By now almost everyone has heard of Susan Boyle, a homely Scotswoman cum singer. Her vocal renditions have made for sensationalized television and banal internet fodder. Whether you find her singing exceptional or abysmal is neither here nor there (though it’s a good indicator of your ear and quality of taste). What concerns me is the public’s reaction to her performance.
If you haven’t seen it, go watch it. But here is a short play-by-play: Unattractive, single, cat woman, who is seemingly self-unaware, decrees her amazing musical prowess, much to the dismissive comedic enjoyment of everyone around her. She sings a song, and people think she’s great. Suddenly, some giant proverbial-societal mirror is held up to all us ‘good looking and self-aware’ people and we realize how we’re the ugly ones in the end.
What a sweet story – so sweet that I get ten emails a day from parish members (including my own mother and sister!) who shock me with their seeming surprise of Miss Boyle. Firstly, I find it silly that I am the one they choose to email. As if to say that I too should be surprised by what an ugly woman is capable of.
Secondly, almost every email is accompanied with the note: “I don’t watch such a shallow, bromidic show as American Idol, or Britain’s Got Talent, BUT YOU HAVE TO SEE THIS UNBELIEVEABLY UGLY WOMAN SING BEAUTIFULLY!” The blind stupidity (and irony!) with which such an email is forwarded literally astounds me (as it does with most email forwards). I even had to sit through a poorly delivered sermon yesterday wherein society’s initial dismissing of Miss Boyle and subsequent acceptance was childishly compared to how outcasts were treated before and after Christ healed and accepted them before the crowds. Sweet Jesus, I thought I could escape the Susan Boyle ridiculousness at church!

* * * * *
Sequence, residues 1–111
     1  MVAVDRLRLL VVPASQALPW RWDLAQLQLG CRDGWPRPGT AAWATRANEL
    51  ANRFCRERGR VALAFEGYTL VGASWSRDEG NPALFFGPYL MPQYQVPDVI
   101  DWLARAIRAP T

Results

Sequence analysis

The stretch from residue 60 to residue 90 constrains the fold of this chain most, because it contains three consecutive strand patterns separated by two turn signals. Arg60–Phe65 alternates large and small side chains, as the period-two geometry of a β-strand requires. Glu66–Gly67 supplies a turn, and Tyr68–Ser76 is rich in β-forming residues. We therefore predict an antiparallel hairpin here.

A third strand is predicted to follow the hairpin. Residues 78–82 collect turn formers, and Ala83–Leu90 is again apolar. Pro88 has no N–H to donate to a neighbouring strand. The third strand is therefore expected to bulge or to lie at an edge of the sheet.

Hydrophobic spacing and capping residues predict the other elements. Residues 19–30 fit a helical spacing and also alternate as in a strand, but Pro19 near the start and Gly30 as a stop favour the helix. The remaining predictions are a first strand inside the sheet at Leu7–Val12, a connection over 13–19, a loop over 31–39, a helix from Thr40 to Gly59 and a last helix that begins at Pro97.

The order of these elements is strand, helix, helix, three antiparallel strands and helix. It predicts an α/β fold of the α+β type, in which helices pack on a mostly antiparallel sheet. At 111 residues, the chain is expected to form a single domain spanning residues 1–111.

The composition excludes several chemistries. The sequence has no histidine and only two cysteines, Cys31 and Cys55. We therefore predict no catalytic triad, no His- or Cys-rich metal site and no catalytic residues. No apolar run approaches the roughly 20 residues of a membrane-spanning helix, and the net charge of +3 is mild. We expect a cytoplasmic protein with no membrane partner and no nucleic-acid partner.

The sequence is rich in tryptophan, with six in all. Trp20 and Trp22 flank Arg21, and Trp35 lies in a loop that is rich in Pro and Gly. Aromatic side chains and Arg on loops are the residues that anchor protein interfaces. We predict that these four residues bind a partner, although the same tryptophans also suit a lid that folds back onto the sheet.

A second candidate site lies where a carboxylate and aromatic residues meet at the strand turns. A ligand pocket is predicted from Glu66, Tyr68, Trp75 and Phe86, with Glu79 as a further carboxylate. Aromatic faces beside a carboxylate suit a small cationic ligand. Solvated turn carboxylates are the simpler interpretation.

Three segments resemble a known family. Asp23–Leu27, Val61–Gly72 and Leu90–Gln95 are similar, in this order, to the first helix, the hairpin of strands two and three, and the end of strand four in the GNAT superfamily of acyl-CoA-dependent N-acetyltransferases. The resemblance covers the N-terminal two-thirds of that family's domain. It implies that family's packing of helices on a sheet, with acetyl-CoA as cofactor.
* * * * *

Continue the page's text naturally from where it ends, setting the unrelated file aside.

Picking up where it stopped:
Perhaps the beauty in Miss Boyle’s performance lay not in her relatively raw ability, but in her passion to make music from her heart and soul: something we see little of today’s consumerist driven music industry. However, I fear that the real sympathy toward Miss Boyle is the underlying and vastly accepted notion that we should feel sorry for her because at the end of the day, she’s still a physically unattractive woman. To which I offer this proof: If a beautiful woman sang the way Miss Boyle had, she would have been laughed off the stage. Don’t believe me?- check your own conscience.
In the art music world I was trained to respect people for their art, not for their appearance. The beauty of one’s music can far surpass the physical limitations with which one may be wrought. How one appears and how one makes music are, more often than not, completely incongruous with one another. We ought not to feel sorry Miss Boyle, nor should we validate her because of society’s own insecurities. Neither one truly gives any respect for her as a person, or a musician.